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Sunday, January 9, 2011

Using Games as Japanese Language Learning Supplements

I have been slowly yet successfully learning Japanese for some time now for a number of reasons.  Even though I haven't learned a huge amount yet and do not consider myself anywhere near fluent at this point, I say successful because I have easily retained everything I've learned without memorization.  The way I've been learning is by creating an immersion environment where I read, speak, and write Japanese.  I don't mean one of those gimmicky computer-program immersion environments though.  I mean actually surrounding myself with the language as much as possible in my daily life through any medium available.  Since I've met many video game enthusiasts who are interested in Japanese culture and language, I've decided to discuss how I use video games to help immerse myself in Japanese.

As some of you may know, PSP and PS3 games are region-free, making it easy to play Japanese games.  Above is my copy of Dragon Ball Z Shin Budokai.  This is an easy game to navigate and play even if you are only vaguely familiar with the language.  It offers a story mode where you can read Japanese text in between fights, and I find this game to be a particularly helpful and fun learning aid because of that.

Japanese Super Nintendo games or Super Famicom games, allow me to keep on retro gaming while immersing myself in Japanese.  The Derby Stallion series is a popular horse breeding/racing/gambling simulator.  While helpful, this game is very text heavy and more advanced so it might be a bit overwhelming for beginners. Unfortunately, playing Super Famicom games on an American system requires you to modify the system by breaking off a couple plastic tabs located inside the cartridge bay.  There are alternatives to this method, such as playing on a Super Famicom system or using a pass-through like I use.

This is a simple pass-through which allows you to play Super Famicom games on a SNES without modification to the system.  I have no idea where this particular device came from as it was attached to Derby Stallion when I purchased the game at no additional charge and it has no branding.  There are many pass-through devices such as this available online.

Fire Emblem is probably the most helpful game I play regularly, as it is by far the most fun to play.  It's a very enjoyable strategy game which has stood the test of time extremely well.  I highly recommend playing it should the chance arise.

Game Boys happen to be region free, and as incredibly successful as the Game Boy was, there's no shortage of Japanese Game Boy games to be had.  Pictured above is Super Momotarou Dentetsu, a very enjoyable board game style game much like Monopoly where you ride around on a train.  Pretty fun and not too difficult to get the hang of once you know some of the vocabulary used.

Another Japanese game I have is Magical Taruruuto-kun which is a fun little platformer, but won't really help you learn much Japanese.  A good game to take a break with if you tire of reading.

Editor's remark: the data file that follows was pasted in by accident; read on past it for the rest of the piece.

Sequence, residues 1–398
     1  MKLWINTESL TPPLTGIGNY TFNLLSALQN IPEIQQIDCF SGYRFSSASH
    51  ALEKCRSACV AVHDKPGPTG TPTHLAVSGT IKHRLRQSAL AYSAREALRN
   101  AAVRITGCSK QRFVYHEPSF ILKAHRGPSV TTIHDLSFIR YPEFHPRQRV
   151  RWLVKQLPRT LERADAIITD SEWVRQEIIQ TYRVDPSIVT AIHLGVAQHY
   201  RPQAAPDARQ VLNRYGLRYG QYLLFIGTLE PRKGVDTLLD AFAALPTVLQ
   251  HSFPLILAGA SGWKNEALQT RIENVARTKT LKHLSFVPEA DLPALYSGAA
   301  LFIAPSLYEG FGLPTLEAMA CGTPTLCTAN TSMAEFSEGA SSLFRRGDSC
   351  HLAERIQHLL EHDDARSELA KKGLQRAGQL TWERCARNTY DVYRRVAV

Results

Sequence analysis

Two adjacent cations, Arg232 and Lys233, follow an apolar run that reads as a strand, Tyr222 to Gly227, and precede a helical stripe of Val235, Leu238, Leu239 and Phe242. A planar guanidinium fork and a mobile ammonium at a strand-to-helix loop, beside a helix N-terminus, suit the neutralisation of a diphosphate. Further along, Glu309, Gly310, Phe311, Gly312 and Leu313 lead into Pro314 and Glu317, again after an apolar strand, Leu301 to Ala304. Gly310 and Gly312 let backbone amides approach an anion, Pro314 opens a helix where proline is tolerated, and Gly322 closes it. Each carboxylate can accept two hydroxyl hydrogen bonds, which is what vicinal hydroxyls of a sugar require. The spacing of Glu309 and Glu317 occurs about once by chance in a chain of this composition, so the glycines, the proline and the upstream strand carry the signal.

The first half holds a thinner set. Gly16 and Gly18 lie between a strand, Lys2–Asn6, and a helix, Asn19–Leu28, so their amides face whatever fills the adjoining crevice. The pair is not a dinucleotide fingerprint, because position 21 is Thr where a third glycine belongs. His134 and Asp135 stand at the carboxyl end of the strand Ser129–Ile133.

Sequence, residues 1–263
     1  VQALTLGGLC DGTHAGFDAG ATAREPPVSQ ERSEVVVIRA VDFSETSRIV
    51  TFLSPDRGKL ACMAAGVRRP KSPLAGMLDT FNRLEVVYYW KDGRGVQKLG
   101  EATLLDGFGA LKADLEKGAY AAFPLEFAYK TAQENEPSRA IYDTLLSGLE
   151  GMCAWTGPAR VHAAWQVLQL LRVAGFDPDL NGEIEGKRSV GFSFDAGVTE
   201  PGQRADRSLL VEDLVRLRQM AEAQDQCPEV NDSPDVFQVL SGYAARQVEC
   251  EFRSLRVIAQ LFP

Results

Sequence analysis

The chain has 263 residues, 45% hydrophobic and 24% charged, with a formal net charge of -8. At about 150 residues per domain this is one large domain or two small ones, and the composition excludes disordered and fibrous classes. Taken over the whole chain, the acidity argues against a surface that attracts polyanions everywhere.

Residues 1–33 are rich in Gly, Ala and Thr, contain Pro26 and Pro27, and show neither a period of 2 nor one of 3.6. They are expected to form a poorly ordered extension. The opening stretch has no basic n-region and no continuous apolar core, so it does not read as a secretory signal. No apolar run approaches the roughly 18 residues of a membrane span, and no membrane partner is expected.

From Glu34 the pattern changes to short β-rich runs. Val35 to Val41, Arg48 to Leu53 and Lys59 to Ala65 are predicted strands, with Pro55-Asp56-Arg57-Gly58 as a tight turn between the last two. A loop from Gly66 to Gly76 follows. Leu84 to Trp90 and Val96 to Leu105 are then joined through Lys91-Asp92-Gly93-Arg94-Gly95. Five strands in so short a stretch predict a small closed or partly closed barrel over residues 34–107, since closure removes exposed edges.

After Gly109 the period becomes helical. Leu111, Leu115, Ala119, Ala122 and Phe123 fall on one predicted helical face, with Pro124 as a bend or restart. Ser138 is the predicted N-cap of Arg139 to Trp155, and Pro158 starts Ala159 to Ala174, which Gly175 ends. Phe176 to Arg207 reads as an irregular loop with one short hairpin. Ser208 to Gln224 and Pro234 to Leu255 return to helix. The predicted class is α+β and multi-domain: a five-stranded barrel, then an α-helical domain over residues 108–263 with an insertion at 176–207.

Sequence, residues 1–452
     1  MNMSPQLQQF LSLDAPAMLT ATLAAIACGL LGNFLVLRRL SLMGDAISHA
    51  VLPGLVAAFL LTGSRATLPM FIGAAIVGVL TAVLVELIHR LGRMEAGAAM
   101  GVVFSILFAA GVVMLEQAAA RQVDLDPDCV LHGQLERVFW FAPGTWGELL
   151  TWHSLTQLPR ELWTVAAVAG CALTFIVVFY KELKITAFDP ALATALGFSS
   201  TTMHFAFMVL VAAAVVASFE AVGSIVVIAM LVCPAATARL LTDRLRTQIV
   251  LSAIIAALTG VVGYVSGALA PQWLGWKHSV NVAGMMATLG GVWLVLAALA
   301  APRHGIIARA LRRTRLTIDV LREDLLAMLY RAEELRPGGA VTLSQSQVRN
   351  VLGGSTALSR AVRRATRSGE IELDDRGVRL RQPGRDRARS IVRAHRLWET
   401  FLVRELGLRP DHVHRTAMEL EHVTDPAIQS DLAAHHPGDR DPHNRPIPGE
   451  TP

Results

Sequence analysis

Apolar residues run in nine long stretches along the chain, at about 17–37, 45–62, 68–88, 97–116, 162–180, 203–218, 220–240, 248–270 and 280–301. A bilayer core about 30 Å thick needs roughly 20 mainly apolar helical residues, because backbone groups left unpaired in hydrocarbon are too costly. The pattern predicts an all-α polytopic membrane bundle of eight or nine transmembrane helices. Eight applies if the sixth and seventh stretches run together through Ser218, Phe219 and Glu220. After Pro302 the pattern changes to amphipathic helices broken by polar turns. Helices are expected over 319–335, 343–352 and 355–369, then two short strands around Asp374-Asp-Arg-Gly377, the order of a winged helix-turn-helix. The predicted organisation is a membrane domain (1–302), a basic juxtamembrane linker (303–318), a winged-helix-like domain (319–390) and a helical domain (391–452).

This is Animal Crossing for the GameCube, a game which I imagine would be very helpful as a learning aid if I had some way of playing it at the moment.  GameCubes are not region free so your options are to mod your cube, get a disc known as a free loader, or buy a Japanese GameCube.

Another useful resource related to games, are Japanese gaming magazines such as this one published by Nintendo I picked up at a Japanese book store due to it's articles on the upcoming 3DS.

The magazine also includes some fun comics based on Kirby, Animal Crossing, Pokemon, etc. which are very helpful as they're geared towards a slightly younger audience.

One of the neatest things about the magazine was it came with an Animal Crossing manga book, which is a great learning aid just like all children's books and comics tend to be.

That's all the game-related Japanese what-not I have lying around at the moment, so I hope you enjoyed seeing it, and if you're learning Japanese (or any language for that matter) or interested in doing so, I hope it gives you some ideas of how you can help immerse yourself in a foreign language.


  1. I've heard countless times that total immersion in a language is the sure-fire way to get it learnt properly. This is a dead interesting way to get the job done mind you. I needs to be getting me a GC freeloader disc.

    I can't help but notice the guy on the right of the Derby Stallion III cart looking like Mario's hillbilly second cousin...

  2. Ha! I thought the same exact thing when I saw the Derby Stallion cart. Yeah I need to get a freeloader as well so I can finally play that Animal Crossing game. I've got a chip in my old PS1 now so I've been looking out for some fun PS1 imports.

  3. Ha! Totally enjoyed this post. I once learned Japanese while playing the import version of Final Fantasy IX. Unfortunately I didn't push myself hard enough and consequently forgot most of what I learned. I can still read katakana though since that's so easy :D

    -toadhall on racketboy

  4. Cool! I don't think I'll ever forget Hiragana at this point since I've read so many children's books in it, but I still tend to forget some Katakana characters. I need to actually sit down and practice those ones. Thanks for checking out my blog!

  5. Gaming can also help you to learn an extra language, its a great idea.

  6. That's a great idea! It can help in easy learning of things. I have never tried this, but I think this definitely help a person who want to learn.

  7. There are many supplements for learning Japanese such as videos, apps, online courses, and more available online.